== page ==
Pyrogenic carbon capture and storage

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Pyrogenic carbon capture and storage (PyCCS) is a proposed carbon sequestration technology that can mitigate climate change while improving soil fertility.[1] It is discussed as a promising technology for greenhouse gas removal.[2]


The principle of PyCCS is that the biomass (e.g. trees) removes CO2 from the atmosphere during its growth via photosynthesis. This biomass is then harvested and pyrolyzed (see below), with a portion of the carbon dioxide bound in the biomass being captured in the ground, after being reduced to carbon and viscous compounds (charcoal). The flammable gas mixture, which is the lightest fraction in pyrolysis, is collected and used as fuel; the carbon dioxide produced when combusting it is captured traditionally.


Pyrolysis in the context of carbon capture and storage has been described by Werner et al. (2018) as "the thermal treatment of biomass at 350 °C–900 °C in an oxygen-deficient atmosphere. Three main carbonaceous products are generated during this process, which can be stored subsequently in different ways to produce [negative emissions]: a solid biochar as soil amendment, a pyrolytic liquid (bio-oil) pumped into depleted fossil oil repositories, and permanent-pyrogas (dominated by the combustible gases CO, H2 and CH4) that may be transferred as CO2 to geological storages after combustion."[2]

In low-oxygen conditions, the thermal-chemical conversion of organic materials (including biomass) produces both volatiles, termed pyrolytic gases (pyrogases), as well as solid carbonaceous co-products, termed biochar. While the pyrogases mostly condense into liquid bio-oil, which may be used as an energy source, biochar has been proposed as a tool for sequestering carbon in soil.[1]

Once mixed into soil, biochar, which is less susceptible to remineralization into CO2 and CH4 than non-pyrogenic biomass,[3] fragments into micro- and nano-particles which can be transported to deeper soil horizons, groundwater, or other compartments that further protect it from degradation. Multiple studies have demonstrated that pyrogenic carbon is stable over centennial timescales.[1][4]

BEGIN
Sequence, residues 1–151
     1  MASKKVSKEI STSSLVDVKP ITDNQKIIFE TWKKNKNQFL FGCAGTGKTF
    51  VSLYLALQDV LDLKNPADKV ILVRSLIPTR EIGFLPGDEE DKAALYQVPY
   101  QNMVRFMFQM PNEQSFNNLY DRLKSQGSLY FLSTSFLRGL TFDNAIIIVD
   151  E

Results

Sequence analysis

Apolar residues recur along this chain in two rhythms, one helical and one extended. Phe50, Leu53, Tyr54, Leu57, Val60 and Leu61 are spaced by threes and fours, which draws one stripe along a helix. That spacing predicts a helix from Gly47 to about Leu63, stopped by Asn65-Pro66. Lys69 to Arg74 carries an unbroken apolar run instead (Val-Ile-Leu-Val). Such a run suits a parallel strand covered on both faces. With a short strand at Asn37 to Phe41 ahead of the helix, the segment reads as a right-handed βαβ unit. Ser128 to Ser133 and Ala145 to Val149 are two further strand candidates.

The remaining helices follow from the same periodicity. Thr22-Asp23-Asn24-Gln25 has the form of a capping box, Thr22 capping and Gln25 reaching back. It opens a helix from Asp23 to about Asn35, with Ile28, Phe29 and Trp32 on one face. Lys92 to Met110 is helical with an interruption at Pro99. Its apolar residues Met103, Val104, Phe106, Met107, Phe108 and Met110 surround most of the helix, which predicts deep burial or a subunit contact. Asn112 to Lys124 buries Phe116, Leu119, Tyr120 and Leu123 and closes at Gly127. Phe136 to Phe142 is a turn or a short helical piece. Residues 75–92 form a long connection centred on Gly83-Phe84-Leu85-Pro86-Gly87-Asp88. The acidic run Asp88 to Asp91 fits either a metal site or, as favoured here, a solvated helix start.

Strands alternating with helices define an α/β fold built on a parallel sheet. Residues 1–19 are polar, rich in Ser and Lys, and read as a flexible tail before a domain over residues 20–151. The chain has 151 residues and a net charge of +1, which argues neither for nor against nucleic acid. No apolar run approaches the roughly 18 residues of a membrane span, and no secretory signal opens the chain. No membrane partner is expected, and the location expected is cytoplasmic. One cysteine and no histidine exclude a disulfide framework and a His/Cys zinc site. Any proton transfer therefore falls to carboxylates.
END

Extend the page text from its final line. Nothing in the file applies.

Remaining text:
1. ^ a b c Criscuoli, Irene; Alberti, Giorgio; Baronti, Silvia; Favilli, Filippo; Martinez, Cristina; Calzolari, Costanza; Pusceddu, Emanuela; Rumpel, Cornelia; Viola, Roberto (2014-03-10). "Carbon Sequestration and Fertility after Centennial Time Scale Incorporation of Charcoal into Soil". PLOS ONE. 9 (3): e91114. Bibcode:2014PLoSO...991114C. doi:10.1371/journal.pone.0091114. ISSN 1932-6203. PMC 3948733. PMID 24614647.
  2. ^ a b Constanze Werner et al. (2018): Biogeochemical potential of biomass pyrolysis systems for limiting global warming to 1.5° C. Environmental Research Letters, 13(4), 044036. doi:10.1088/1748-9326/aabb0e
  3. ^ Zimmerman, Andrew; Gao, Bin (2013-02-21), "The Stability of Biochar in the Environment", Biochar and Soil Biota, CRC Press, pp. 1–40, doi:10.1201/b14585-2, ISBN 9781466576483
  4. ^ Schmidt, Hans-Peter; Anca‐Couce, Andrés; Hagemann, Nikolas; Werner, Constanze; Gerten, Dieter; Lucht, Wolfgang; Kammann, Claudia (2018). "Pyrogenic carbon capture and storage". GCB Bioenergy. 11 (4): 573–591. doi:10.1111/gcbb.12553. ISSN 1757-1707.